This changes everything! I think too often we read the Bible as words on a page, or as truths meant for other people, and see ourselves as exceptions to the rule. Other people have callings, I have an ordinary life. Other people are beautiful, I’m just average. God delights in other people, he doesn’t notice me.
Biblical self-love is having the faith to believe what God says about you is true!
2) Full of grace
God gives us grace. We don’t have to work for our acceptance – there’s no hustle here – it’s a gift we can only recieve.
We can be very hard on ourselves at times, and extending forgiveness and grace can be easier to give to others than ourselves. Friends, we are not the exception. The Bible calls grace a gift of God. There’s nothing we can do to earn a gift, but we don’t have to take it. It can be – and is too often – left on the table as we consider ourselves undeserving, or not ready, or whatever our excuse may be.
When we can’t accept God’s grace in our own lives, it’s almost like saying, “I don’t need you God.” We’re telling Him (and ourselves) I can do what it takes to be deserving of this gift, or to earn it. Or worse, we might be telling God we’re NEVER going to deserve the gift so no, thank you.
As soon as we earn it, it’s not a gift.
You can’t deserve grace. There’s in nothing you can do to earn forgiveness or prove that you’re worth it.
The only thing you can do – what God’s desire is for you – is to say thank you and recieve it.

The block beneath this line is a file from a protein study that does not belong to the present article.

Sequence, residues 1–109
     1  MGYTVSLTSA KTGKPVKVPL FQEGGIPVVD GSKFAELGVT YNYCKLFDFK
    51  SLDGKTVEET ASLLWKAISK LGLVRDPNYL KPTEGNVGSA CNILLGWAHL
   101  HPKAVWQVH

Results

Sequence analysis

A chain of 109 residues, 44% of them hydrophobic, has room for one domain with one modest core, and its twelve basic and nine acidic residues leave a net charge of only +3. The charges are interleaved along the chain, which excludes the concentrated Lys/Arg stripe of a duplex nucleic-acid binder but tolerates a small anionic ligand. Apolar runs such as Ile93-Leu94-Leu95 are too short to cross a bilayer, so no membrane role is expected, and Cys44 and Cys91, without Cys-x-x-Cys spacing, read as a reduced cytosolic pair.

We choose not to live in shame or disgrace, not because of how wonderful we are, but because we have accepted God’s gift of grace and live like it’s true!
That’s Biblical self-love.
3. Accept the process
One of the more tragic aspects to wordly self-love is a need to make yourself feel good about things that aren’t good.
Biblical self-love doesn’t do that.
Christians know we’re not perfect. We recognize sin in our lives, and trust God to deal with it. We are aware that we’re in a process of sanctification, and God is working in us to make us whole and complete in Him. It’s a process of transformation that, rather than leading to shame and despair, brings us hope and joy as we KNOW God’s doing good things in our lives.
Instead of trying to cover up our failings, we bring them to the light of God’s word and get excited about what He is doing to transform us.
We’re not dwelling on our shortcomings, but we’re not whitewashing or ignoring them either. We’re looking to God to change us to become more like Him! This is GREAT news, and something to get excited about!
4. Bear good fruit.
Whenever there’s questions of whether something is of God or not, we are often called to look at the fruit.
When we practice self-love, is that what we’re seeing? More patience? More kindness? More grace?
Or are we seeing an increase in selfishness, more indifference towards others and more rebellion?
The goal of godly self-love is LOVE. Not just learning to trust God’s word and extend love to yourself, but growing in love of God and joyfully passing that love onto others. When we are seeing our love grow in every area, we know we’re living the kind of life God delights in.
When we use self-love as an excuse to pursue our own happiness, bask in our own specialness or justify selfish living, we’ve gone off track. But if self-love flows from trusting and understanding God’s truth about us, recieving his grace in our lives, embracing the transformation He’s doing in us and extending that same love and grace to others, that’s a beautiful thing.
And totally Biblical.